The march ran from SRJC to the Sheriff’s Office.  Once there, the organizers set up a table with coffee and donuts. Members of the community went inside the Sheriff’s Office and invited Sheriff Freites to come out and speak with the community. The sheriff was gone for the day and the person in charge did not want to come out for coffee, donuts and conversation. A second group, including a priest from Iguala, went inside to repeat the request. The officer in charge refused to come out. Instead, citizens were given a phone number to call. When they called, a recorded voice said they’d get a call back to set up an appointment.  That wasn’t acceptable, so a third group went inside to make that appointment in person.  Eventually, a demonstratively upset deputy agreed to meet with two of them in a closed room with a couple of buff deputies standing nearby. The protesters wisely declined this offer.  Outside, there was a brief rally where the people agreed, outside occupying forces must go.

On October 30, around thirty-five supporters of the water defenders at Standing Rock rallied outside of the Santa Rosa Mall, despite the rain.

There are over 300 tribes as well as many non-native supporters at Standing Rock. They stand resolute in their nonviolent resistance to the Dakota Access Pipeline despite guns, gas, dogs, clubs, bean bags, rubber bullets and LRADs (long range acoustic devise). This pipeline endangers the Ogallala Aquifer, one of the largest in the world. It also hastens climate change by providing infrastructure for the Bakken crude oil that’s extracted from tar sands. This pipeline is a threat to us all.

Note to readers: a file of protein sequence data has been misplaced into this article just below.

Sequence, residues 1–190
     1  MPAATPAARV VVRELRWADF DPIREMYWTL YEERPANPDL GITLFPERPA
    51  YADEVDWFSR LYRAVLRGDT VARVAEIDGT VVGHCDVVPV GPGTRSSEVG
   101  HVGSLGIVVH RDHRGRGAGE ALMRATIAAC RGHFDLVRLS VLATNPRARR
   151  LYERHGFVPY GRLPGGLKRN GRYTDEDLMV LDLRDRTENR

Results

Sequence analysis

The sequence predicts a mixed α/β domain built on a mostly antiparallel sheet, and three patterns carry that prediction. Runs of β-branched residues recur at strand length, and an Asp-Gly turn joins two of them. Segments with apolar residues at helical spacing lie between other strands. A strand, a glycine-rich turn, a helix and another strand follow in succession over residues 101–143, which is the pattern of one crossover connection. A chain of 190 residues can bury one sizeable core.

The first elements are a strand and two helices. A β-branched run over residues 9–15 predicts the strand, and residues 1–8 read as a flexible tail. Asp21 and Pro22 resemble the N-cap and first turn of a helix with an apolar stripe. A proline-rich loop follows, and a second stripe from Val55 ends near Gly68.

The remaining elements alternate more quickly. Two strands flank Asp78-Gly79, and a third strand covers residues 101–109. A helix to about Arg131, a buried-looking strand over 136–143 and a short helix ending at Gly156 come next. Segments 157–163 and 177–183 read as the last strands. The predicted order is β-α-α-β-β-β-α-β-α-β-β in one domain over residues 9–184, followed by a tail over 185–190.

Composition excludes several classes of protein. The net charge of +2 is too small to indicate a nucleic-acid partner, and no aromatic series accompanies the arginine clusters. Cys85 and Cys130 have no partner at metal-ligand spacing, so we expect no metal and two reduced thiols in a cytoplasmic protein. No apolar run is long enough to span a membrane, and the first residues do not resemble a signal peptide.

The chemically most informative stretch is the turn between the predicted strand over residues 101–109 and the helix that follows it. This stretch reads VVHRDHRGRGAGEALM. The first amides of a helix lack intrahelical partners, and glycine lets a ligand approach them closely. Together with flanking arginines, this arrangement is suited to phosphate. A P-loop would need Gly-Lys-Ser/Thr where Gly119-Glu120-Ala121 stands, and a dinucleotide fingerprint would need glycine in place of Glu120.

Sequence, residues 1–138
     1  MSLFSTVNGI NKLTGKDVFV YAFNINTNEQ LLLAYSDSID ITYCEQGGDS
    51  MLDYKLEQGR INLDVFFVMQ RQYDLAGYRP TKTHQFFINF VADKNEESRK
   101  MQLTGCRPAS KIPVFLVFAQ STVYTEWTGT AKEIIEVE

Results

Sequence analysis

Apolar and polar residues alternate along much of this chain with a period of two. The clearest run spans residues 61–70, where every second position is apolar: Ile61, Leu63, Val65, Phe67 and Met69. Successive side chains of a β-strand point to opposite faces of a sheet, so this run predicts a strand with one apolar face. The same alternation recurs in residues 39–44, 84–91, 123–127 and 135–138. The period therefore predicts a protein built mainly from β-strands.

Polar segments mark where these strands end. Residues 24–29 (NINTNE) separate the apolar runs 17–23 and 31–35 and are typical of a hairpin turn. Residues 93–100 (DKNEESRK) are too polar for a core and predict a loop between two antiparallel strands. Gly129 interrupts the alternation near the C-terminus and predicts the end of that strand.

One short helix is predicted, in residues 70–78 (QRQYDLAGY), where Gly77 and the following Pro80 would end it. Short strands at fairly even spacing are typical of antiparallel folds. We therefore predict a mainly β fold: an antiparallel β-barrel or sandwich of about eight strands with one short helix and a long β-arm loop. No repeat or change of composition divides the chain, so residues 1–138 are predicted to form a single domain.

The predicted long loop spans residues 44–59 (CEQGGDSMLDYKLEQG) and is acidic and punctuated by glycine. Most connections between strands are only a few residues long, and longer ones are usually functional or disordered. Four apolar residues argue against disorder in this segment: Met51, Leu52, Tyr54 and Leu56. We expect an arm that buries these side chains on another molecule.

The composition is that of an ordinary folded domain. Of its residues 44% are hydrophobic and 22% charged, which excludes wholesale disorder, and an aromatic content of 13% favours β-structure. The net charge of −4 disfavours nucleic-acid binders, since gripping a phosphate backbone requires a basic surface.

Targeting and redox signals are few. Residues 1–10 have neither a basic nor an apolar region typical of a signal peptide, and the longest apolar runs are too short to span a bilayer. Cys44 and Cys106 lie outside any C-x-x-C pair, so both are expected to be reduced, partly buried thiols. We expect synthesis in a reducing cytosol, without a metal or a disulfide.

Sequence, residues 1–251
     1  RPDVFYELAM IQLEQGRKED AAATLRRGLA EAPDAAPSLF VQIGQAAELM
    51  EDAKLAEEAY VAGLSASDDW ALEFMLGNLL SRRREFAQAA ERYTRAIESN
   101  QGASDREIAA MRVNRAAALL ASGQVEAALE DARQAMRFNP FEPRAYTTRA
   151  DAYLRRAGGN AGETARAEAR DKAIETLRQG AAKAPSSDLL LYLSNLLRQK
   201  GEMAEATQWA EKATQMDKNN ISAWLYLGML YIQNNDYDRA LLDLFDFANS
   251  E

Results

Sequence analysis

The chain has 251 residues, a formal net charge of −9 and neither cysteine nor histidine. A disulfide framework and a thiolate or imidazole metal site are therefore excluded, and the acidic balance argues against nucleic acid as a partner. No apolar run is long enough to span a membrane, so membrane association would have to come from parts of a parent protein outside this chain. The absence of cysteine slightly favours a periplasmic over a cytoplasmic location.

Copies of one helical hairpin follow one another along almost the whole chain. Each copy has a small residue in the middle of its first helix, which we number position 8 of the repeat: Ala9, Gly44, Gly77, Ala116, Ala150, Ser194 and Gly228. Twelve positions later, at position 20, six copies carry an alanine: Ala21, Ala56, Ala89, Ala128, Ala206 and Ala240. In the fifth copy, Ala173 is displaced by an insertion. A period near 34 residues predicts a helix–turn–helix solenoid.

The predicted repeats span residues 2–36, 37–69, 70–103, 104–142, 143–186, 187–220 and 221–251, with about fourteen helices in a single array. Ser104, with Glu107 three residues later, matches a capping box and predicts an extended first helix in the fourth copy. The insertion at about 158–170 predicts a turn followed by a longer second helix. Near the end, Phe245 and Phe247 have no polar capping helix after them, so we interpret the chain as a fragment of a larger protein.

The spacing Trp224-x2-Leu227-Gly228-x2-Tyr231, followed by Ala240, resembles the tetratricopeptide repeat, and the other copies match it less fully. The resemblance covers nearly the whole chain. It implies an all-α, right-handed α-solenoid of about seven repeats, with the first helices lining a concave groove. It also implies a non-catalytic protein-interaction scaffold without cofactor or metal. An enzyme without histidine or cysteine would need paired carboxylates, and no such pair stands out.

Early in the protest in Santa Rosa, mall security challenged our First Amendment right to use a public gathering place for our protest.  While organizers negotiated with Mall security, the rest of us marched up 4th Street chanting and encouraging others to support the resistance at Standing Rock by attending a fund raiser a week later. It was during the march that I learned about the miracle of the buffalo.  Earlier in the week, while militarized law enforcement troops were attacking water protectors, destroying camps and sweat lodges, hundreds of buffalo herded by young riders appeared on the ridge alongside the water protectors, facing the troops.

By the time marchers in Santa Rosa had returned to the Mall, organizers had secured the right to parade inside as long as we didn’t block businesses. This is in keeping with the Pruneyard Decision. Following that, we gathered in front of the Mall to close our protest. The people agreed, outside occupying forces must go.

For more information please visit: yas@gmail.com, www.hyas.ps, www.facebook.com/YouthAgainstSettlements ,www.facebook.com/SrjcBlackStudentUnion, www.standingrock.org, www.sacredstonecamp.org

Rebel Fagin writes for the Sonoma County Peace Press and Global Critical Media Literacy Project (gcml.org).

 

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Op-Ed

Rebel Fagin is a writer who has been politically active in Sonoma County since the 1970’s. He writes regularly for the Sonoma County Peace Press and the Global Critical Media Literacy Project (gcml.org). He has a book documenting nearly forty years of street activism in Sonoma County called Tales from the Perpetual Oppositional Culture – a Journey into Resistance. He lives in Santa Rosa, California and is active with many activists’ organizations.